The Free Methodists are arranging to
hold a district meeting of three weeks
in McCook. A big tent will be used in
which to conduct the meetings. Parties
were in the city, Wednesday, negotiating
with Mayor Kelley for ground on which
to pitch their tent.
Rev. Francis Lawson of Riverton,
Nebraska, will occupy the Congregation
al pulpit on next Sunday morning and
evening. The sacrament of the Lord’s
Supper will be administered. Rev.
Preston will occupy Rev. Lawson's pul
pit on that date.
Twenty-seventh annual convention of
the Nebraska State Sunday School As
sociation will be held in the M. E.
church, York, Nebraska, June 5th, 6th
and 7th. Central theme, “Educational
Features of the Sunday School Work.”
Reduced rates on the cirtificate plan.
Every school is entitled to one delegate
besides the superintendent and pastor.
Every county association is entitled to
At the M. E. church. May 13th, 1894.
Sunday school at 10 a. m. Services at
11 a. m. and 8 p. m. by the pastor Junior
League at 3 p. m. Epworth League 7 p. m.
The annual session of West Nebraska
conference will be held by Bishop Foster,
September 12, at Orleans, Nebraska.
At the annual Sunday school election,
the first of May, all old officers and
teachers were re-elected. The Junior
League are arranging the Missionary
Locomotive Exercises and the Bee-Hive
Opening for Sunday night. May 20th, at
8 p.m. They expect a good time.
A. W. Coffman, Pastor.
A new business house is sprouting.
Nothing escapes the new raffling fad.
Fried ice cream is said to be an east
Good writing paper ten cents a quire
at this office.
For Rent—Three rooms over Mc
Millen’s drug store.
Quite a demand for leaves of absence
from Chase county settlers.
A summer kitchen is Elder Berry’s
latest improvement and convenience.
Strawberries are in the market. The
bottom is as far from the bottom as ever.
Remember, if you want an abstract,
that C. T. Beggs is a bonded abstracter.
Kelley and his compatriots have com
menced sliding down the Des Moines
Climb onto the band wagon. The
Tribune has room for you. Subscribe
“Fatty” Elliott has has eye on you.
You might as well come in and be as
Treasurer Gray is around collecting
up the occupation tax, which became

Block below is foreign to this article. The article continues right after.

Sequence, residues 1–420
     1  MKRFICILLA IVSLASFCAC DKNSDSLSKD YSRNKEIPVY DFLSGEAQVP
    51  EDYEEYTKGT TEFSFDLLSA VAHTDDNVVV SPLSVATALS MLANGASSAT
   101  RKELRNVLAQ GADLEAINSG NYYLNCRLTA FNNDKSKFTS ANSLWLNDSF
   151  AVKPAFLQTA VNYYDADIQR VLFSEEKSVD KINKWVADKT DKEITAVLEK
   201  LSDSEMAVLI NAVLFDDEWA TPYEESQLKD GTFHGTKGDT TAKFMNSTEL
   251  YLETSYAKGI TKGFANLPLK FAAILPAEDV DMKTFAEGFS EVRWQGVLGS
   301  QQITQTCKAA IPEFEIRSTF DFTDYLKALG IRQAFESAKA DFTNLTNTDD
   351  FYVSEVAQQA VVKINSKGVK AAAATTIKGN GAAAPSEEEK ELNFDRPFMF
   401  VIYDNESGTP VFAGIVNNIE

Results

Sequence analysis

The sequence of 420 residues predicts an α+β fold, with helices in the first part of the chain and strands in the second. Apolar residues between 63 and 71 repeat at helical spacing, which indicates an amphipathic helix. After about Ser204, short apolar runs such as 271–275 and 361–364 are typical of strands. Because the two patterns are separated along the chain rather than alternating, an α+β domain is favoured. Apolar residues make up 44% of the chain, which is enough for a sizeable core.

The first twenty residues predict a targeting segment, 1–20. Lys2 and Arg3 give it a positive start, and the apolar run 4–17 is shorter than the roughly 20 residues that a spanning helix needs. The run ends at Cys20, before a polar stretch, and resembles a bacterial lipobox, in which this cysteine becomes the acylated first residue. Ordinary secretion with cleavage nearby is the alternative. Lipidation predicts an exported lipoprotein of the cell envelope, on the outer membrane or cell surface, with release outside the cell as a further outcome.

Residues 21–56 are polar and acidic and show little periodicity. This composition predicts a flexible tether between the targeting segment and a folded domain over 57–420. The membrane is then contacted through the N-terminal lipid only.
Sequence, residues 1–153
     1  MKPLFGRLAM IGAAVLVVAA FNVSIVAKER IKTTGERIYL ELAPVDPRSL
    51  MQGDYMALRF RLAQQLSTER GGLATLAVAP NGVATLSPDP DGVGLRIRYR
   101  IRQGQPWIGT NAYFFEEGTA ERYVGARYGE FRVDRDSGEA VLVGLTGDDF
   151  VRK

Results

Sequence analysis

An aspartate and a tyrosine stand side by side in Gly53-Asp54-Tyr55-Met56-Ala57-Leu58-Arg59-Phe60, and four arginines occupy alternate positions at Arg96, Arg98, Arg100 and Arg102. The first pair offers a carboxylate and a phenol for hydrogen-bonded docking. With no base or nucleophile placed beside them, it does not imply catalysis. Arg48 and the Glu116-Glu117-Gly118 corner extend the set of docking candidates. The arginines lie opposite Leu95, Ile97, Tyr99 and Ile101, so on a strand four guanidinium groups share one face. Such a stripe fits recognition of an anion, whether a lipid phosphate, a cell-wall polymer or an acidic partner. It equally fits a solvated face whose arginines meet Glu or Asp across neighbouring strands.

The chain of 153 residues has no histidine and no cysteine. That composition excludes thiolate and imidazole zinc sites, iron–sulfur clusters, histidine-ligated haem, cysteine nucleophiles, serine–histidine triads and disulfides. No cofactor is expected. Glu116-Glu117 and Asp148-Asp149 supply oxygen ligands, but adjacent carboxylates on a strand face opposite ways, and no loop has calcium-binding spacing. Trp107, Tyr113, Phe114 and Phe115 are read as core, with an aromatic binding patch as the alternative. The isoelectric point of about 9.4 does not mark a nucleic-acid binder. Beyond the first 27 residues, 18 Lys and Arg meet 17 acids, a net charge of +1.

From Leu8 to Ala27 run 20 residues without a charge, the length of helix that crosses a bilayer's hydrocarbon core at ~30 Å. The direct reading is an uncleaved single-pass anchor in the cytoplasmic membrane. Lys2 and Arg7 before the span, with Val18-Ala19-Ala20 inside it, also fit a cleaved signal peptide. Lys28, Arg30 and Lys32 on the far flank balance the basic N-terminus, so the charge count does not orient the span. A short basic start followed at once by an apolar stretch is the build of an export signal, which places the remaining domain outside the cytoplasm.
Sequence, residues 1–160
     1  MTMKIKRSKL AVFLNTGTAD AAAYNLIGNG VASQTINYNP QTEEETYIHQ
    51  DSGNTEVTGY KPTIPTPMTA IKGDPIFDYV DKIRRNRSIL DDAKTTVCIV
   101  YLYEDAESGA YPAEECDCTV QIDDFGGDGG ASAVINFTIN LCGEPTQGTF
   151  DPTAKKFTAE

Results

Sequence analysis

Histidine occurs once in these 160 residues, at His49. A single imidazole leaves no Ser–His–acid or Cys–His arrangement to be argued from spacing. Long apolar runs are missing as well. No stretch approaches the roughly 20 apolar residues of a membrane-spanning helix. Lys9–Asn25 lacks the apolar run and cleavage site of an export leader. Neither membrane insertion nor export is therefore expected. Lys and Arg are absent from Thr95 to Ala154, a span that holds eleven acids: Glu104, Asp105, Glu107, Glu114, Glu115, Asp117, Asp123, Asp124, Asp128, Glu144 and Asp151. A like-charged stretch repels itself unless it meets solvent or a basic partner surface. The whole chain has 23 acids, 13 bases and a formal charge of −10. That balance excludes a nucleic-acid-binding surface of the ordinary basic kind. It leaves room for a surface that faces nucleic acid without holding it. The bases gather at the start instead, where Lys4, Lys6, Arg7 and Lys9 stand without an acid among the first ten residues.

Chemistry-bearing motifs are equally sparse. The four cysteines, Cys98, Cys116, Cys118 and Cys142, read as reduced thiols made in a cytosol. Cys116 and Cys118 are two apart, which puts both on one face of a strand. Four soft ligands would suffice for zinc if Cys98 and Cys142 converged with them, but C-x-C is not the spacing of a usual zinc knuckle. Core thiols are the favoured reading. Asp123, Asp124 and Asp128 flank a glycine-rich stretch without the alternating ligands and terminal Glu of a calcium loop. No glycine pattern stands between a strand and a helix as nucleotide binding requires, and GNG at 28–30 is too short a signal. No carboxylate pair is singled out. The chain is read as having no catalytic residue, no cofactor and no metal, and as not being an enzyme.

due on May ist.
E. L. Laycock held the lucky number
at LaTourette’s second drawing for a
Henry Kapke, the tailor, held the
lucky number at Leach’s bicycle draw
The race track will be one of the finest
in the Republican valley when the work
commenced is completed.
,t The park trees have been thoroughly
irrigated, this week; special lines of pipe
being laid for that purpose.
Fifteen (15) cents will buy a box of
nice writing paper at this office, con
taining 24 sheets of paper and 24 envel
The Hastings municipal authorities
have put a stop to the raffling business.
The slot machine has been put under
ban also. _
Last Friday afternoon Squire Berry
made two hearts beat as one by uniting
in marriage Henry -Reitz of this place
and Ida Schardt of Arapahoe.
Sheriff Banks was our official guest,
Mrs. E. C. Burkett is visiting In
J. W. ScoTT is living his on father-in
law’s place for the present.
A. B. Taylor of Imperial was among
our visitors, Tuesday evening.
Citizen Brewer was in Chicago, this
week, with a shipment of cattle.
Secretary Koontz of the railroad
board was a city guest, Tuesday.
L. W. Snow spent the close of last
and first of this week in the city.
August Droll was in Omaha, the
fore part of the week, on business.
George C. Hill was up from Indian
ola, Tuesday evening, on business.
A. J. CluTE came in from the road,
and spent Sunday with the family.
C. H. Boyle is arranging for the pur
chase of a half interest in “The Fair.”
Mr. and Mrs. W. S. Cornutt of
Culbertson were city visitors, Tuesday.
J. C. Gammill, the Stockville politi
cian, was at headquarters, Tuesday even
Mayor Kelley arrived home, Fri
day last, from a brief business visit to
Mrs. J. E. Kelley left on No. 4,
Thursday, evening, for Kirwin, Kansas,
on a visit.
Rev. Knowles of Culbertson was
down attending Congregational services,
County Judge Beck and family were
up from Indianola, Tuesday, doing a
MESSRS. E. L.. Laycock and G. L.
Etter were among the visitors to Denver,
close of last week.
L. W. McConnell and Rev. Frank
Durant were in Cambridge, Tuesday,
on a fishing expedition.
Colonel Peterson departed for
Plattsmouth, Saturday night, to take a
position on the Daily News of that ci‘y.
Mr. Guy, Master Walter and little
Sadie Boyle arrived from Chicago, on
Wednesday night, and are the guests of
J. H. Acer, on the political staff of the
State Journal, was in the city, yesterday,
on a political mission which he did not
disclose to the writer.
Charles L. Bcrr of Lincoln was in
the city, close of last week, on his way
up to Chase county, where the Burrs
have large real estate interests.